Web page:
EFG London Jazz Festival: Esquire Covers Club Event

A special feature of this year’s EFG London Jazz Festival (13-22 November 2020), is an Esquire Covers Club event, celebrating the great British jazz label Esquire (1947 – 64). I thought this might be of interest to LJC readers.

In the late ’50s – early ’60s, Esquire brought the best of the US Prestige label jazz recordings to these shores. Unlike the customary industry practice of local remastering from copy tape, Esquire records were pressed with metal from the original Van Gelder masters, ensuring pure sonic authenticity of the original Prestige sound. And always mono. Nice!

The Esquire Cover Club – open until January 2021 (www.esquirecover.club)

The doors of a specially built digital exhibition hall will open, offering a chance to revisit jazz history at the www.esquirecover.club where you will enter a virtual space, revealing a remarkable collection of contrasting record sleeves from American and British releases of jazz classics and then hear the stories behind them, including an exclusive interview with legendary illustrator Ralph Steadman, who cut his teeth doing illustrations for Esquire Records.  His new book, A Life in Ink, was published yesterday.

The exhibition also includes interviews and features on other people who worked with Esquire Records, such as photographer and writer Val Wilmer and journalist Ron Atkins.  All the interviews on the site were done by John Fordham, with his classic mix of deep knowledge and warm humour.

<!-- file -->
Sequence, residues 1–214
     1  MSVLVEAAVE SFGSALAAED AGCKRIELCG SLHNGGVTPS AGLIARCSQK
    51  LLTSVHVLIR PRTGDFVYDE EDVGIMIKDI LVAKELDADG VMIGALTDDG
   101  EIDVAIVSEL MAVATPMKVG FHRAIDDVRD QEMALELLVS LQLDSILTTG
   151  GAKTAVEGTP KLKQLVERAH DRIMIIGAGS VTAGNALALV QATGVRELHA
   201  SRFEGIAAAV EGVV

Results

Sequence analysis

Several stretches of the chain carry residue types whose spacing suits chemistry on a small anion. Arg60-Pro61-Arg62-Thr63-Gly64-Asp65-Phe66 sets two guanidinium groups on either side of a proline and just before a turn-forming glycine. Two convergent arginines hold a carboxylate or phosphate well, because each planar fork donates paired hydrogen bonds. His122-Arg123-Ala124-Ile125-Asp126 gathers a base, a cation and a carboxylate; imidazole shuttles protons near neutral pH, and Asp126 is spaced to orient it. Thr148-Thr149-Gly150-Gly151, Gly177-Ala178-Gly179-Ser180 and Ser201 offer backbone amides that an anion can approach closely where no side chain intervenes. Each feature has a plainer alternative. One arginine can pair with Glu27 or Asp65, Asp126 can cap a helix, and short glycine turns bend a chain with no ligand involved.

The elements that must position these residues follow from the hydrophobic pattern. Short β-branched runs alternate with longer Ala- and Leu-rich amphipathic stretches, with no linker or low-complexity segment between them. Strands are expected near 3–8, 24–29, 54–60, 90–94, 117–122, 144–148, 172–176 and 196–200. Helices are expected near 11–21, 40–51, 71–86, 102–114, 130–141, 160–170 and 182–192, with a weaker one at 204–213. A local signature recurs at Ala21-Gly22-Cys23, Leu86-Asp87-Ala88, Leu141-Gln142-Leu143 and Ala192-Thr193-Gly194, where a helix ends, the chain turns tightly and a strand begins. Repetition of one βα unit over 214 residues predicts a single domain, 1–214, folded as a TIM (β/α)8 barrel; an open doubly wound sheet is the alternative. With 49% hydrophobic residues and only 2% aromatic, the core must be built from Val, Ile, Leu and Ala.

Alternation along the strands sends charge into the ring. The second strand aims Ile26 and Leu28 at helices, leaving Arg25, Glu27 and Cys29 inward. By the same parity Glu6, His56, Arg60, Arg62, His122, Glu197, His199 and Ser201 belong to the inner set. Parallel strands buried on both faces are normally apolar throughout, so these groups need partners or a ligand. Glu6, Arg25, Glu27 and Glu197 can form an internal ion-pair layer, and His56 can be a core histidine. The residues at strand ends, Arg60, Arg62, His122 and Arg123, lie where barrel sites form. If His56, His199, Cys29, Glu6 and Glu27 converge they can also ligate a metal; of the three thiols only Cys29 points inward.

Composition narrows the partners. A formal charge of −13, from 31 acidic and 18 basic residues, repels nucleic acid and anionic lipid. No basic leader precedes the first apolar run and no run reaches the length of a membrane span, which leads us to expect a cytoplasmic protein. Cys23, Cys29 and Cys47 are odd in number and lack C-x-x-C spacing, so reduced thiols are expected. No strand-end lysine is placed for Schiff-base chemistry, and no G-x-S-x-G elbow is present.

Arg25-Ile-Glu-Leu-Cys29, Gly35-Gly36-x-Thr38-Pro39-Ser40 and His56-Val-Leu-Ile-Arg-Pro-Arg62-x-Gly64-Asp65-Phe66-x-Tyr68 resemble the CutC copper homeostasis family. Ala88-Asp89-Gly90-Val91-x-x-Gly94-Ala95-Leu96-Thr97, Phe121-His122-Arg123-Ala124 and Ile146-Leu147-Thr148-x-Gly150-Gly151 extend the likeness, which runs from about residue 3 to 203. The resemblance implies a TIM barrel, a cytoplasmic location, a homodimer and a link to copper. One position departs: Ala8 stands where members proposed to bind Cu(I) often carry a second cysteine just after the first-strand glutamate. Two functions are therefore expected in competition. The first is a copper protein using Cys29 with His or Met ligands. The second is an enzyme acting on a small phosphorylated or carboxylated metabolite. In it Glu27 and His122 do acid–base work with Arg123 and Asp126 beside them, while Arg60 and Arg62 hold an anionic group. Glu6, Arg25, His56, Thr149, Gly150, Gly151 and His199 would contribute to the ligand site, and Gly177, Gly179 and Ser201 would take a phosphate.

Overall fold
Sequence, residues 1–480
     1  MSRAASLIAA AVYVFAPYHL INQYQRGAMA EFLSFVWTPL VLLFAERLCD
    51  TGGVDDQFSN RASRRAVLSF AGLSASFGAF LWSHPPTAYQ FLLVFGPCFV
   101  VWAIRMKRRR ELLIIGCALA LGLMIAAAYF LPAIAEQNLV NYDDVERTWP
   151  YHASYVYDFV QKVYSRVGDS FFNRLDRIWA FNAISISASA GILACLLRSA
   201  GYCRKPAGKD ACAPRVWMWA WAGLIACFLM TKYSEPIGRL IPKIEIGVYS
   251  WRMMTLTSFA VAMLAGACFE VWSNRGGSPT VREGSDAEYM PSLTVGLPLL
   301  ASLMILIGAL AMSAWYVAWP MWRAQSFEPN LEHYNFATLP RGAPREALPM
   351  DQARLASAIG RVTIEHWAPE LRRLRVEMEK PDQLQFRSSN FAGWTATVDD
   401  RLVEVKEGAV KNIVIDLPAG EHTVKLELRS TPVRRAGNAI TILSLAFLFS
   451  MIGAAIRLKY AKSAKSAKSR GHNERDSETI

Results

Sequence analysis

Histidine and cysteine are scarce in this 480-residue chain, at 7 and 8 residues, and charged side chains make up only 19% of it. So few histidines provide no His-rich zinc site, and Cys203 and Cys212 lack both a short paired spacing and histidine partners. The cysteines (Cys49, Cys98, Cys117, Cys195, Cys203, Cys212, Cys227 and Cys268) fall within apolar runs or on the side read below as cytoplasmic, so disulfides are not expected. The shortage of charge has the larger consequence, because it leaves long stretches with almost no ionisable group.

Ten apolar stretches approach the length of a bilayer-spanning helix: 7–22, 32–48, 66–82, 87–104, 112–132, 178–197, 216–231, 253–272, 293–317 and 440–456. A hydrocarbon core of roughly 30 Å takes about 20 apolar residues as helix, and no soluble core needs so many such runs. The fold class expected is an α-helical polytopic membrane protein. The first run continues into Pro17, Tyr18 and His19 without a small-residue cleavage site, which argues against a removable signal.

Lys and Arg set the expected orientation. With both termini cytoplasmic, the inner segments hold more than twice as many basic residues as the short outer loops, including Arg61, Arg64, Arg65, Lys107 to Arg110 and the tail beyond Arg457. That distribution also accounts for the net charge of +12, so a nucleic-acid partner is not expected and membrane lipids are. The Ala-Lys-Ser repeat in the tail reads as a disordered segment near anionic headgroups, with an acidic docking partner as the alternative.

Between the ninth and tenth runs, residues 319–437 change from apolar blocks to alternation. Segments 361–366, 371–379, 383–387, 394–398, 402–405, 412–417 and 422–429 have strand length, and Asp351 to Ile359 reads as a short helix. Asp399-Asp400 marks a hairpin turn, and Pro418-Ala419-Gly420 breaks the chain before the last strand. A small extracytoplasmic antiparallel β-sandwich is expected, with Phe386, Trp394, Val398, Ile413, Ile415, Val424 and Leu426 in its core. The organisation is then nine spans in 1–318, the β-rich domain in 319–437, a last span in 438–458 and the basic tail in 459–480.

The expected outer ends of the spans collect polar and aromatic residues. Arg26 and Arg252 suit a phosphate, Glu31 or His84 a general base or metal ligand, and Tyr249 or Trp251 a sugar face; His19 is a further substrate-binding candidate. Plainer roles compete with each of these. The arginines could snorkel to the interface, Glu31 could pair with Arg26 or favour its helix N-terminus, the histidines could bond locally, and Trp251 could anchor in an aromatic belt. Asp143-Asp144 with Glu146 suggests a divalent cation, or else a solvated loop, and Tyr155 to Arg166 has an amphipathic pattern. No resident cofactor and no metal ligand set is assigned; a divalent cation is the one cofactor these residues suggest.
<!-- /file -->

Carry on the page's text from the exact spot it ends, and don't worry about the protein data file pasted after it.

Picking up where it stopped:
Broadcast: Esquire Covers Club talk:  Saturday 14 November, GMT 2pm

efglondonjazzfestival.org.uk/events/esquire-covers-club-talk

The Esquire Covers Club collection has been carefully created and curated over many years by Stefano Wagner and at 2pm on Saturday 14 November he will be in conversation with Jez Nelson, talking about these albums, their distinctive and differing artwork and his interest in their place in jazz history.

The  Club  is navigated through a floorplan of nine virtual rooms, each of which give you access to related content: cover art, interviews, and even some music samples through Spotify, selected by John Fordham, (bio found on the Esquire Club Writers Room.)

The Esquire Rooms

The Esquire Covers Club is a creation of Swiss jazz record collector Stefano, who uses his awesome 10,000 record collection to support themed exhibitions, examples below, more on the Esquire Club site Collector’s Room:

My thanks to Stefano for letting me know about this The Esquire Club, about which I am delighted to spread the word .